I can no longer recall whether I learned this directly from Dave or through Clare, but some time ago I learned the phrase “fighting the land”, and that much time was devoted to this endeavor at the Dibble homestead. At the time, I didn’t really understand what this was all about. In fact, I would go so far as to say that it seemed wrong to me. We should love and hug trees, not fight them. But now that I have been living here for a couple months, I have a better understanding of what this means, and much of my time has been spent fighting the land. Of course I still like nature, but now that I am living much closer to it (as opposed to just visiting nature as in camping), I want to keep a little distance between nature and civilization.
I think that a few feet is a good minimum distance, which is not the case everywhere around the house (see Figure 1). The area around the deck was very overgrown when we got here, and that was one of my first outdoor projects here. Unfortunately I did not remember to take any before shots of that area, but an after shot is shown in Figure 2.
It is a fairly simple process. I take out my “cuttin’ tools”, which at first consisted of a pair of hedge shears, a pair of clippers, and a hatchet, but more recent additions include an axe and a “weed cutter”, and cut stuff away. I don’t agree with our current president on many issues, but I do agree with him that clearing brush is fun and relaxing. It is fairly easy to make visible progress quite rapidly, and it is physically tiring, which is good for people like me who spend most of their workday sitting around. So the next step in the “fighting the land” procedure involves piling up what I have cut (see Figure 3), waiting a week or two until it is dry, and then burning it (Figure 4).
I can’t recall why Clare was looking at this, but a month or two ago she was looking up some rules and regulations on the Indiana state website, and came across rules on open burning. Open burning seems to be pretty common here, but apparently it is highly regulated. There are certain restrictions on the time of day that things can be burned, on containers for burning things, and so on. It seems that the only truly legal way for us to burn brush is for “ceremonial purposes”. So every time we need to burn something, we have a little ceremony. Frequently this simply involves a toast with some PBR, or, like last weekend, we had some friends over and had a puffed sugary gelatin roasting ceremony.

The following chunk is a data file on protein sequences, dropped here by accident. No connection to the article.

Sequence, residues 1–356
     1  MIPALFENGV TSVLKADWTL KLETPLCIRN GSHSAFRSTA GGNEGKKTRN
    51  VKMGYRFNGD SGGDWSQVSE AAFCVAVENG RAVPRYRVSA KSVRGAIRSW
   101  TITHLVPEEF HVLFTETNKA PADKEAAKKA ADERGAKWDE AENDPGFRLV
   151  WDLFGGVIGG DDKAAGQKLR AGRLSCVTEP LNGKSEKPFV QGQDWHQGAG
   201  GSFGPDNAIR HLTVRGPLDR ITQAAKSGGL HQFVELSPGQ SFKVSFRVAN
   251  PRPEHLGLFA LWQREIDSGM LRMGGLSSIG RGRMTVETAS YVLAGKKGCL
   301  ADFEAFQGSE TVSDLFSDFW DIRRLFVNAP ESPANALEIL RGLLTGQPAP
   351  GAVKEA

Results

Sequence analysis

My latest project for fighting the land has been to dig a ditch. The area on the other side of the creek, which used to be a road, but is no longer very road like, is very wet all year round, because of the spring in the hillside. The spring flows all the time, and generally fills up the road with water. Dave suggested digging a ditch from the spring down to the creek, to force the water to go where I want it to, i.e. to fight the land. This seemed like a good idea, and when I mentioned this to William Harriman, who actually drives on that road with his tractor to mow the back field, he mentioned that he already dug one, but that it had gotten messed up from driving over it with the tractor. On Monday I finally got around to digging a new ditch. I was able to find some of William’s ditch and use that, which was quite helpful. I will still probably need to dig out the ditch a bit more, but the ditch (Figure 5) seems to be functioning fairly well so far. The next step will be to rebuild a bridge (or two) over the creek.